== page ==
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HOME > News & Topics > Research > FY 2013 > Malt1-Induced Cleavage of Regnase-1 in CD4+ Helper T Cells Regulates Immune Activation. (Shizuo AKIRA in Cell)

Malt1-Induced Cleavage of Regnase-1 in CD4+ Helper T Cells Regulates Immune Activation. (Shizuo AKIRA in Cell)

Regnase-1 (also known as Zc3h12a and MCPIP1) is an RNase that destabilizes a set of mRNAs, including Il6 and Il12b, through cleavage of their 30 UTRs. Although Regnase-1 inactivation leads to development of an autoimmune disease characterized by T cell activation and hyperimmunoglobulinemia in mice, the mechanism of Regnase-1-mediated immune regulation has remained unclear.

The authors show that Regnase-1 is essential for preventing aberrant effector CD4+ T cell generation cell autonomously. Moreover, in T cells, Regnase-1 regulates the mRNAs of a set of genes, including c-Rel, Ox40, and Il2, through cleavage of their 30 UTRs. Interestingly, T cell receptor (TCR) stimulation leads to cleavage of Regnase-1 at R111 by Malt1/paracaspase, freeing T cells from Regnase-1-mediated suppression. Furthermore, Malt1 protease activity is critical for controlling the mRNA stability of T cell effector genes. Collectively, these results indicate that dynamic control of Regnase-1 expression in T cells is critical for controlling T cell activation.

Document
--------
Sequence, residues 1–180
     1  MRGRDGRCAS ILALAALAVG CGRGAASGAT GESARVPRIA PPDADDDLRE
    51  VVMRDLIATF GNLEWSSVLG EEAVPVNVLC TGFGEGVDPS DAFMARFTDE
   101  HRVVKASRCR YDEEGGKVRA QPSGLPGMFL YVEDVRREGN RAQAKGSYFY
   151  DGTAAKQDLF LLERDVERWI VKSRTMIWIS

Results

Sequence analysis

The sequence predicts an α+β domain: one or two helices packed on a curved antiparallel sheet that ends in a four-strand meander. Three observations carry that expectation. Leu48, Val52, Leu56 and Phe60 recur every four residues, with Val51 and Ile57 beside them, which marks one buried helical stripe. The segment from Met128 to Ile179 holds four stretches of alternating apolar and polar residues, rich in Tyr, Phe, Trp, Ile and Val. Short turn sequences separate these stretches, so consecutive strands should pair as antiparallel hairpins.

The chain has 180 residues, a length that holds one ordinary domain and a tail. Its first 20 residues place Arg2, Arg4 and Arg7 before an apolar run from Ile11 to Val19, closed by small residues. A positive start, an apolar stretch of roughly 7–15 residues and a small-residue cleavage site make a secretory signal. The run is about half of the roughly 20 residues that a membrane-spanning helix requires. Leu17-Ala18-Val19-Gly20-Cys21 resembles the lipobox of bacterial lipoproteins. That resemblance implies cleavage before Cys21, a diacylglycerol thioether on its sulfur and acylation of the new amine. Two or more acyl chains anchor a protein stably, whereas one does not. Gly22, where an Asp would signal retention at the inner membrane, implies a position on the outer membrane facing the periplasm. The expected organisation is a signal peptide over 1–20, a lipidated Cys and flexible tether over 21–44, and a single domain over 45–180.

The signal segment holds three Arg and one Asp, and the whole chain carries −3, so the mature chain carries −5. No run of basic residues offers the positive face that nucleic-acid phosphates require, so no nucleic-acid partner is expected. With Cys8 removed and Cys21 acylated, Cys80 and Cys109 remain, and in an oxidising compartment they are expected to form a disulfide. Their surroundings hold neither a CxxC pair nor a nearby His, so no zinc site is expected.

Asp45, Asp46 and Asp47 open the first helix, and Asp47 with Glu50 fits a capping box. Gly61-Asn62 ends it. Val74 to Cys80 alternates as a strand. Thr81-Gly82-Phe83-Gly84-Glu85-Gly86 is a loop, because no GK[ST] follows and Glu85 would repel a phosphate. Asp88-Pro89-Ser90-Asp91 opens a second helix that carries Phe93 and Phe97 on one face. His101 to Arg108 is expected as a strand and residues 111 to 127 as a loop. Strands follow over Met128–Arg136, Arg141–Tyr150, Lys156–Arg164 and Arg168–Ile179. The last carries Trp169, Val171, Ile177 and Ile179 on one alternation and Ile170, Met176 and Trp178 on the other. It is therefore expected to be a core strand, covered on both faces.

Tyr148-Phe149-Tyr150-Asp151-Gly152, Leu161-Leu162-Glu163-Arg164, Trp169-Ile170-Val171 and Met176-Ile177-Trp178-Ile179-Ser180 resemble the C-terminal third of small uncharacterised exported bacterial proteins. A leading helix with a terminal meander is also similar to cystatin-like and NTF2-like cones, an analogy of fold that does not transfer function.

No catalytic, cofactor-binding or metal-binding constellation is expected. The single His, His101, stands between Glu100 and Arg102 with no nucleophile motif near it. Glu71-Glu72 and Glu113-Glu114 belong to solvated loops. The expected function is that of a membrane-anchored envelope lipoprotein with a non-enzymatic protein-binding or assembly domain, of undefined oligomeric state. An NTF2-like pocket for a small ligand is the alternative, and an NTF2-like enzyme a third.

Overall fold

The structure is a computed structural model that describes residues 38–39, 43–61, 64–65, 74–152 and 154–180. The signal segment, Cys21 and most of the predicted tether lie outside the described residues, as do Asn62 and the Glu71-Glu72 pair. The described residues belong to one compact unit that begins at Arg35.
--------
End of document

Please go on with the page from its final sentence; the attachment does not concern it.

Article

Article in a companion


Contact:

Shizuo AKIRA
Host Defense
Immunology Frontier Research Center (WPI-IFReC), Osaka University

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